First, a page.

One of the many aspects of our work at FWL is that we are probate researchers, otherwise known now as ‘Heir Hunters‘. The television programme has raised the profile of what we do and helped in some ways but of course, everyone now thinks they will be inheriting a small fortune. Often this is not the case, so let me unpick a few myths about intestacy and our profession…..
1. The Bona Vacantia (BV) list of unclaimed estates is published every day on the government website, Bona Vacantia (not on a Thursday as it used to be, and as the TV series states).
2. Each estate that is listed is valued at £500 or more (as opposed to £5,000 or more, as it was pre-April 2012). No estate value is listed and this is not disclosed until a claim has been accepted by the Bona Vacantia Division (BVD)
3. BVD will deal with, and admit, the first fully documented claim they receive which is supported by sufficient evidence. Once a claim is accepted, BVD “do not need claims from other relatives, as their claim is protected by law and should be made direct to the successful claimant or their representative, as it is their legal duty to deal with the estate appropriately.”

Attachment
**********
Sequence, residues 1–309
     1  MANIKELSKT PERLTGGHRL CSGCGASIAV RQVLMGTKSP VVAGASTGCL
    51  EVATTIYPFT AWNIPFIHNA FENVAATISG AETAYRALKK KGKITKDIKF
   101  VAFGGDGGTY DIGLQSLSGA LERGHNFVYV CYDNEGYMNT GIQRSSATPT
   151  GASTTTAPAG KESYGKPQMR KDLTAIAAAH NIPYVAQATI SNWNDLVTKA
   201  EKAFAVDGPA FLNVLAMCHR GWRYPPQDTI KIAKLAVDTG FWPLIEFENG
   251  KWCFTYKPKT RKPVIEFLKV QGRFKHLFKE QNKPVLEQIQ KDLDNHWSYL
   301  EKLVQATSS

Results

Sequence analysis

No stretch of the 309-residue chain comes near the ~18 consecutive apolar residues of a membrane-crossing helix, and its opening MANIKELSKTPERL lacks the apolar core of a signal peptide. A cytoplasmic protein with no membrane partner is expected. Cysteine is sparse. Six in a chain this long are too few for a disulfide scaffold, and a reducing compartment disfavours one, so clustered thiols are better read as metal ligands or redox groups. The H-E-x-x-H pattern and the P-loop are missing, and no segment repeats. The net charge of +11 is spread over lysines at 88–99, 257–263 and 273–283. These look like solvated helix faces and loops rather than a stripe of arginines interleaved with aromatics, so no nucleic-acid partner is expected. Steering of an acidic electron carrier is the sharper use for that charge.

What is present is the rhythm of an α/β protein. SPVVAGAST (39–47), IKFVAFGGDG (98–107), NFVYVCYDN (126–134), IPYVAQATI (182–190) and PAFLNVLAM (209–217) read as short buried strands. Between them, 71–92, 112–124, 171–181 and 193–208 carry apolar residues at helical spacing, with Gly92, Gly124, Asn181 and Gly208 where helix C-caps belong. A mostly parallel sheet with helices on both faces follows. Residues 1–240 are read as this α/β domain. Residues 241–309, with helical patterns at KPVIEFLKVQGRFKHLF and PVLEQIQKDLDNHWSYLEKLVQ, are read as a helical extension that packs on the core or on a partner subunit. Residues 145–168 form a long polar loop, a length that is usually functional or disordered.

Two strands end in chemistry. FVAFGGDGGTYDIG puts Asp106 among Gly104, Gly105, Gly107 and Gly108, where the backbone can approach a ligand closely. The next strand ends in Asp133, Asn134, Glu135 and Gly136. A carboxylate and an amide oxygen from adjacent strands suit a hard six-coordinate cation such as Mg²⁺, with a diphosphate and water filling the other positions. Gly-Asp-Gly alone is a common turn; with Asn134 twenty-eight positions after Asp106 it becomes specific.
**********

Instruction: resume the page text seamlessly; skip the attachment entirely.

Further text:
So, what that means is that companies – like FWL – only have to present one contract and one set of documents from a beneficiary in an intestacy. Once the estate has been paid to the administrator, i.e. the company (or individual) contracted to act on a family’s behalf, it is their legal duty to administer the estate appropriately and in accordance with intestate law.
Would you care to hazard a guess as to how many companies knowingly put in claims on behalf of people who aren’t the closest kin to the deceased? Over recent months, we have had several occasions where we have signed sole beneficiaries in cases only to be told that BVD has paid the case to another company. Clearly, not BVD’s fault …. but it makes you wonder about the other companies out there ….
How do potential beneficiaries decide which company to sign with? That’s one for Part 2, tomorrow…..